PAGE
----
SANA, Yemen — The al-Qaida wing in Yemen that claimed responsibility for the attempted bombing last week of a Northwest Airlines flight has as many as 2,000 militants and sympathizers exploiting the country's economic and political chaos to create a base for jihad at the edge of the Persian Gulf, according to a Yemeni terrorism expert.
The group, known as al-Qaida in the Arabian Peninsula, is the latest reincarnation of Islamist militant cells that have been active in Yemen for years.
The country has supplied extremists to wars in Iraq and Afghanistan and to terrorist networks stretching from North Africa to Europe. Yemen these days is attracting radicals to join an evolving extremist front in the Middle East.
"They were once just a group of radicals in Yemen looking to its mother in Afghanistan for advice," Saeed Ali O. Jemhi, an expert on militant groups, said in a recent interview in the Yemeni capital, Sana. "But the group's leadership in Yemen has improved. They have clear ideological and strategic plans."
The network has posted on its Web site that it was behind the Christmas Day attempt by Umar Farouk Abdulmutallab to blow up a flight en route to Detroit from Amsterdam. The organization said the plot was retaliation for U.S. assistance to Yemen's military, which in recent weeks had launched airstrikes on training camps and safe houses that killed as many as 60 al-Qaida members.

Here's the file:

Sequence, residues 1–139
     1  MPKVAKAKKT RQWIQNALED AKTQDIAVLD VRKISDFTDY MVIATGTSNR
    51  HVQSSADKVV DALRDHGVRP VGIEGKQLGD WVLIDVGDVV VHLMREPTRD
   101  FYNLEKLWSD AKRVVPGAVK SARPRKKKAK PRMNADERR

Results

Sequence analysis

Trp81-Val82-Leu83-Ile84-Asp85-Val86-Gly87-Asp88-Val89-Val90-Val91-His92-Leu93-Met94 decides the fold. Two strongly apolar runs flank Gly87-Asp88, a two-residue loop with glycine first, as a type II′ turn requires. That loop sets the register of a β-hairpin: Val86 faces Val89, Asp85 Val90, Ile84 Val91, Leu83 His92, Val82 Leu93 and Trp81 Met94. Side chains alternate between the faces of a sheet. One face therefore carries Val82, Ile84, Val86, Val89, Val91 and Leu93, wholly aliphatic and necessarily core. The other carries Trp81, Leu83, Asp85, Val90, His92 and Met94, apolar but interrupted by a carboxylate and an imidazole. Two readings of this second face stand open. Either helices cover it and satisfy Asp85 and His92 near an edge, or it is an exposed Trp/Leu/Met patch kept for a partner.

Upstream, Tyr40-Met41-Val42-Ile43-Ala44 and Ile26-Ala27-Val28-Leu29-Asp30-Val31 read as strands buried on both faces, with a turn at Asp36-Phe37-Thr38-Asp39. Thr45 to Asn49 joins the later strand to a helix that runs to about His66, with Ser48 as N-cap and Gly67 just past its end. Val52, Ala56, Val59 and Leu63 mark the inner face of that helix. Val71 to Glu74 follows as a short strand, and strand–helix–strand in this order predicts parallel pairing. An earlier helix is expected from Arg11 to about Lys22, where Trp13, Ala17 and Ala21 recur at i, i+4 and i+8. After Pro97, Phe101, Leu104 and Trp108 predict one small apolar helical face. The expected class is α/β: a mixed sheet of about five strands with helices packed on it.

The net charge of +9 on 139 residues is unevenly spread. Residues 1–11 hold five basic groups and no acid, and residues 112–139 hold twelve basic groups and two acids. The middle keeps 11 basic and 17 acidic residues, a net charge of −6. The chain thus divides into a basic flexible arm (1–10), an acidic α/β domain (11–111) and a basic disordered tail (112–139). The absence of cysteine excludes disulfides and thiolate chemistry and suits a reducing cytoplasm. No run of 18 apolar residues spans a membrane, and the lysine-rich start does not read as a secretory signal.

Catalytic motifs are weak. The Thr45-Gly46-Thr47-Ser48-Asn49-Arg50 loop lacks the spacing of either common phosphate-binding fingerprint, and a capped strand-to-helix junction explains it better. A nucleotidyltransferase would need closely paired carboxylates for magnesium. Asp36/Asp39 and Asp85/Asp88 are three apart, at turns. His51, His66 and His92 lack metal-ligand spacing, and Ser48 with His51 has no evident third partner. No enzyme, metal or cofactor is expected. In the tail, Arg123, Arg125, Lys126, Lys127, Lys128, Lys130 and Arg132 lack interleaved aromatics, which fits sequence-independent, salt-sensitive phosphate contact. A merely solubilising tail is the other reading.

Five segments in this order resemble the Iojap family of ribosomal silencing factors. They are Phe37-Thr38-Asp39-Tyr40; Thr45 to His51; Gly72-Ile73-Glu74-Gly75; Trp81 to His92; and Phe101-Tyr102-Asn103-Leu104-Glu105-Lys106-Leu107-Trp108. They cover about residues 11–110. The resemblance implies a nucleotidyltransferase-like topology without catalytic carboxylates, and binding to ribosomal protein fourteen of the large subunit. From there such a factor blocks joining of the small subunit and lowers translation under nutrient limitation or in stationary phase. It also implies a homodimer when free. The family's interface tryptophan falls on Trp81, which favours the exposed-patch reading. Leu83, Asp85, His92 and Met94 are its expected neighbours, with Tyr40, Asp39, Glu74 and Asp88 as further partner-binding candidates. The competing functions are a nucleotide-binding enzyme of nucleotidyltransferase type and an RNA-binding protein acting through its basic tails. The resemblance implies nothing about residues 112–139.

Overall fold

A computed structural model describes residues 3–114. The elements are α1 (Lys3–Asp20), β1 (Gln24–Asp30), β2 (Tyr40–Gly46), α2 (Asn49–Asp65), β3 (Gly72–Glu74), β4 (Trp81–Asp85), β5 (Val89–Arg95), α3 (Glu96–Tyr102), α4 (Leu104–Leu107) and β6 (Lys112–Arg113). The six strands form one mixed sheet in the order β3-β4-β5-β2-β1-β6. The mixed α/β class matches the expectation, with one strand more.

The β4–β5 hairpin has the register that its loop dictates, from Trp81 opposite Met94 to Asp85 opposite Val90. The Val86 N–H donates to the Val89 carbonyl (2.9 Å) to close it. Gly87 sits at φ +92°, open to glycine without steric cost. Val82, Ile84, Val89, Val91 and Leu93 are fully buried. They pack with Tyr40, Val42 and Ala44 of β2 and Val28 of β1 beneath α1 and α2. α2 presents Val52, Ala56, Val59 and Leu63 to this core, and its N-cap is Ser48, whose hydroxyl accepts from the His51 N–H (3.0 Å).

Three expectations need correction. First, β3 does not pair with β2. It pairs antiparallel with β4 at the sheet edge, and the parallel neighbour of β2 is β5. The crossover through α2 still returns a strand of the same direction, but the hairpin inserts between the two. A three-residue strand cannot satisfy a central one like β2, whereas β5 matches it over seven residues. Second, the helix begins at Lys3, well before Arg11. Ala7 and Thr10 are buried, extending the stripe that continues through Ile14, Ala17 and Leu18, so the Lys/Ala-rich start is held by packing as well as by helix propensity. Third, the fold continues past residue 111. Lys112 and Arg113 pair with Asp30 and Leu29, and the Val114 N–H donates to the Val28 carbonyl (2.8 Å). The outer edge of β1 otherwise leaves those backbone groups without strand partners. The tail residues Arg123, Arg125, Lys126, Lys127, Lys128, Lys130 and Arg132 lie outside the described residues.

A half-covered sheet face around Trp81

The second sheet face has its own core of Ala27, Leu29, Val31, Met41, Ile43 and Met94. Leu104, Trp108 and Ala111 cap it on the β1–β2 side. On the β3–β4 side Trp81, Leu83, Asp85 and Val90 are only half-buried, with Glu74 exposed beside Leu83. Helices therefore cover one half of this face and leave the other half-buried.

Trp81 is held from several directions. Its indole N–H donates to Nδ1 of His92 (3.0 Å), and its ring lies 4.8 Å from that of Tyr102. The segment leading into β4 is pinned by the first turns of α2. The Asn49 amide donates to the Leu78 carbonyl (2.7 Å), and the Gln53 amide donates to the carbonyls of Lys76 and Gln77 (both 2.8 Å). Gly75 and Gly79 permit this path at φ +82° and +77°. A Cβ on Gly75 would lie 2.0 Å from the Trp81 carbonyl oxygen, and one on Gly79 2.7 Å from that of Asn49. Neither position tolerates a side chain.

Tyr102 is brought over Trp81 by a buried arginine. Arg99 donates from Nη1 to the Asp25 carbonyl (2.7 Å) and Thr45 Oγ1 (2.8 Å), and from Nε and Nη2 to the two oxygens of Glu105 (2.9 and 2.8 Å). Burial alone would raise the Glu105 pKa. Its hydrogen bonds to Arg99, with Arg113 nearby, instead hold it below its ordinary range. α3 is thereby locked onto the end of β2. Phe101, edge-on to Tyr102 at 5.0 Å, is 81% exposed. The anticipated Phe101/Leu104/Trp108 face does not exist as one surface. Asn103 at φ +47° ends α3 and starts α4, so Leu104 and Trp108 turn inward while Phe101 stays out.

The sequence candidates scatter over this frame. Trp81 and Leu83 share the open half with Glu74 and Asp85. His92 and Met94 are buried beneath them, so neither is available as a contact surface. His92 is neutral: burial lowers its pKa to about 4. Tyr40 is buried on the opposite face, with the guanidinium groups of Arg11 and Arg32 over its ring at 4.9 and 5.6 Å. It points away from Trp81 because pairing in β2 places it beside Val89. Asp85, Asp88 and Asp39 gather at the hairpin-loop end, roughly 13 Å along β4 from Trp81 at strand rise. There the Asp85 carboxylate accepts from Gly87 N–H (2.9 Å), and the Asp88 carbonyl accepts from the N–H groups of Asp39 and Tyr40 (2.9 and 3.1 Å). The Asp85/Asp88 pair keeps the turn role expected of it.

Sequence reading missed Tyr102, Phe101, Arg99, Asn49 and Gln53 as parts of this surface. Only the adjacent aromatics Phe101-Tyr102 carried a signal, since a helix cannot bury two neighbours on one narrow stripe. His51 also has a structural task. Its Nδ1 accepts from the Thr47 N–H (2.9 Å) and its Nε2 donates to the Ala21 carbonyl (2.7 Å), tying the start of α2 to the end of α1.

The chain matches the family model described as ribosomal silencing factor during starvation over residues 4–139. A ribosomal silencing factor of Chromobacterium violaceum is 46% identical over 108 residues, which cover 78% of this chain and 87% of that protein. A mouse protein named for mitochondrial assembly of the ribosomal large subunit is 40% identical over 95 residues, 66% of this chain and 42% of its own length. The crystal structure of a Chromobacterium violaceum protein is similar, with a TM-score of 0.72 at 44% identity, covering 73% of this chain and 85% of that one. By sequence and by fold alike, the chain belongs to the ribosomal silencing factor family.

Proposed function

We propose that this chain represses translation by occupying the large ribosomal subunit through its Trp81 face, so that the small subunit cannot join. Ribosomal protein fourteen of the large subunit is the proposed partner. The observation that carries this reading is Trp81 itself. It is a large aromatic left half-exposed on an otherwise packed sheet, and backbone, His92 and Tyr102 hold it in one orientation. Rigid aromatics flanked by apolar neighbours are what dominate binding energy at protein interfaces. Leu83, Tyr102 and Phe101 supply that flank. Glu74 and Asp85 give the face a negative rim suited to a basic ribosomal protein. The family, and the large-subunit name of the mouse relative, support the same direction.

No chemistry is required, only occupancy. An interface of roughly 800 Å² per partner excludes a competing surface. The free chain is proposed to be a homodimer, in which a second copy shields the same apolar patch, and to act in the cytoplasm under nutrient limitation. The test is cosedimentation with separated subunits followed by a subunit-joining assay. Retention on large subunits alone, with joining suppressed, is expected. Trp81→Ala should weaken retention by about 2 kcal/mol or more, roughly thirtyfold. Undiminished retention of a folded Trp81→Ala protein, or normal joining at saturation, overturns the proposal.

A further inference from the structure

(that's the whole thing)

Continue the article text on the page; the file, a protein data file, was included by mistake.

Yemen's unrest, including a secessionist movement in the south and a civil war in the north, has given al-Qaida an ideal hub, especially in rugged rural and tribal regions where the government's reach is diminished.
The group, whose aim, analysts say, is to create an Islamic caliphate across the Persian Gulf and build a base to attack Western and Israeli interests, is operating just across the Red Sea from Somalia, where another al-Qaida branch has taken hold in the lawless Horn of Africa.
The scenario offers a number of concerns for Washington, and responses could include the possibility that U.S. counterterrorism agencies will deepen their roles in training Yemeni special forces, or that U.S. intelligence and military hardware will be used to attack militant targets inside Yemen.
"The majority of Yemenis sympathize with al-Qaida, especially over American actions in Iraq and Afghanistan," Jemhi said. "Al-Qaida is a growing threat with an ideology that other extremist groups can build upon."
Al-Qaida in the Arabian Peninsula became a more dangerous threat in 2006, when more than 20 militant operatives escaped from a Yemeni prison. Since then, the organization has joined extremists in Yemen and Saudi Arabia under the leadership of Naser Abdel Karim al-Wahishi, a Yemeni with ties to Osama bin Laden.
Al-Qaida's profile in the country rose sharply a year ago, when a former Guantanamo Bay detainee from Saudi Arabia, Said Ali al-Shihri, fled to Yemen to join al-Qaida and appeared in a video posted online.